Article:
Friday, 13 September 2013

The Beautiful Black Harrier

The Black Harrier (Circus maurus) is the most beautiful of the world's harriers, and one of the most striking of the world's raptors, most of which are shades of brown. Perhaps for this reason the species is the emblem of the Percy FitzPatrick Institute of African Ornithology (see logo on the right).

According to Birdlife SA, Black Harriers  are southern Africa’s rarest endemic raptor and will be listed in South Africa this year as Endangered, due mostly to loss of breeding habitat (lowland Renosterveld). The species is also considered to be at risk from wind turbines.

Considered a Fynbos breeding near-endemic, encounters with this species are special whenever they occur. This year I've had a string of encounters on the western edge of Baviaanskloof Nature Reserve that led me to suspect the presence of a breeding pair.

Rob Simmons (the world's leading authorities on Black Harrier, having written the guide to the raptor group) suggested I try and locate the nest, since the species is still relatively poorly understood. Black Harrier's are the focus of his research, which has recently revealed incredible migrations and movements from breeding grounds of the Western Cape to Lesotho. You can read more about the travels of the satellite collared harriers here:

Today's survey started auspiciously as within a minute of my first point count, a harrier zoomed over the nearby ridge. It flew straight towards me, before veering off at about 50m distance and continuing a low foraging flight away over the dry renosterveld. This location is about 2 km from where I had seen the harriers on two previous surveys.

Following up on Rob Simmon's advice, I made an effort to locate the Black Harrier nest site – as there are no previous breeding records from this region.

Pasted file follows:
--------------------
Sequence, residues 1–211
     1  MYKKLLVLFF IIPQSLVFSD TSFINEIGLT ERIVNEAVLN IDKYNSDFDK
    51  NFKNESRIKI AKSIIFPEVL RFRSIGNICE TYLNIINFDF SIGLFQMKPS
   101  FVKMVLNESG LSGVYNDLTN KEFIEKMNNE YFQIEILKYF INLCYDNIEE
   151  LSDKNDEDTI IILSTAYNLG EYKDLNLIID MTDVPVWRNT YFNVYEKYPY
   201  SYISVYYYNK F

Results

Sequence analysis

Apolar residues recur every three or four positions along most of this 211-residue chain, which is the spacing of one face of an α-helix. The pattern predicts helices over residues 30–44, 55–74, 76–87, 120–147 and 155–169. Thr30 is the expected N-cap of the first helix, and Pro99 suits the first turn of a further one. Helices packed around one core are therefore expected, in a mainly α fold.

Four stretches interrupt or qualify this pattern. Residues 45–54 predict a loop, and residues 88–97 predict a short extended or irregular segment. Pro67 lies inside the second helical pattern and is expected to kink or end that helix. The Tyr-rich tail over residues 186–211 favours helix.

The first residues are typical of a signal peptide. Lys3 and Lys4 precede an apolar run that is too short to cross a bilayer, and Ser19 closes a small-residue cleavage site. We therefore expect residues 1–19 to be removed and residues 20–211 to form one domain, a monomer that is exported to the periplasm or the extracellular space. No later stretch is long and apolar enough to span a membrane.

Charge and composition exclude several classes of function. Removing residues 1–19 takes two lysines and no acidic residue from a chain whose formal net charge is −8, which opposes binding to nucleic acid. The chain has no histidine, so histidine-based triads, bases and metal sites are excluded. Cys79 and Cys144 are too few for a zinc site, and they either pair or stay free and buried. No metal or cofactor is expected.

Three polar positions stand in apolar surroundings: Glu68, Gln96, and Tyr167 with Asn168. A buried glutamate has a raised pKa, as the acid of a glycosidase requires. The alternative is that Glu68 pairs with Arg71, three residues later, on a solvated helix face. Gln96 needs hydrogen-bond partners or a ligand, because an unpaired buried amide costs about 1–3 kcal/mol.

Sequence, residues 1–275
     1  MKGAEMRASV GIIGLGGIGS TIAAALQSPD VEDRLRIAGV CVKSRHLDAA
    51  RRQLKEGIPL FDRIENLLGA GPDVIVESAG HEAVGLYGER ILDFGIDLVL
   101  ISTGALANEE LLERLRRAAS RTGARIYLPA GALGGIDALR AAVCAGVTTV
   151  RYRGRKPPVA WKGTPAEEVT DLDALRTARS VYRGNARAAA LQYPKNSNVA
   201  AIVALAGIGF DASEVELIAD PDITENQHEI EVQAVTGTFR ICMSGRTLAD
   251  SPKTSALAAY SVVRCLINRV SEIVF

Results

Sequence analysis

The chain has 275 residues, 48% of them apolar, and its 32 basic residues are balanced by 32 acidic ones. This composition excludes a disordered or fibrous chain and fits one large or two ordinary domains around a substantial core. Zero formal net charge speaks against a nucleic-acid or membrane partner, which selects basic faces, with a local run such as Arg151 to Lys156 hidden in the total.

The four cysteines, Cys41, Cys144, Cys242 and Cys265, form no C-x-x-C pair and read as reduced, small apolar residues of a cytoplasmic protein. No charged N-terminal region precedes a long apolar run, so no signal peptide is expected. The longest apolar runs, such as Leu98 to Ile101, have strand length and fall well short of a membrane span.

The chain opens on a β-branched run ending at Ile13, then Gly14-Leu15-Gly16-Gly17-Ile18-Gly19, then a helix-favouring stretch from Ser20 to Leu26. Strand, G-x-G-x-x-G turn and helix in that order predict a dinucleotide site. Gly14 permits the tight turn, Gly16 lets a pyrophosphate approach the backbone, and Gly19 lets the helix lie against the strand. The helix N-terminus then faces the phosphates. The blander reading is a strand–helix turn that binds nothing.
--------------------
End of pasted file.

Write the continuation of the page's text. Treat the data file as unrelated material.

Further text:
At about 9am I approached a point about 500m away from where I expected the nest to be, and observed the male Black Harrier foraging for about 15 minutes. While I did not observe a food drop, some unusual behaviour, coupled with a sighting from last month gave me a good idea on where to start looking.

From the access track, I wondered down into the valley, which is dominated by the straggly shrub Stoebe burchellii and sedge. The site I initially investigated turned up blank, but while I was looking around, the male made a return to the area, and I heard a soft, rapid ke ke ke contact call. I was unsure if it was the male or a hidden female. I waited for a while, and the male came over again, and I heard the same call twice. Heading towards the noise I spotted an odd gap in a patch of sedge. Seconds later the female exploded from her hidden location. After locating the nest, I quickly left the area to observe them from a distance to check I had not caused them to abandon the site.

Female Black Harrier

Male Black Harrier

P..s off and leave me alone!

After a few minutes, they appeared to have settled. The day warmed up nicely, and the angulate tortoises were everywhere. To cap off a wonderful morning, a Karoo Tent Tortoise (rare) was also encountered.

Karoo Tent Tortoise (cousin of the endangered Geometric Tortoise)

Wednesday, 11 September 2013

Top 10 blue hill blog posts

10 Sep 2010
2 Nov 2011
7 Jan 2011
8 Jul 2011, 4 comments
5 Sep 2011
7 Jan 2011
21 Dec 2012, 2 comments
17 Apr 2012, 2 comments
26 May 2012
9 Jul 2012, 2 comments
Yesterday marked 150 posts to the bluehillescape blog, which started carrying photos and stories of the Fynbos Endemic Bird Survey from beginning of 2012. The first post was in August 2010: 

Since then we’ve had 33 000 visits to the range of stories that have been posted. This table lists the most popular.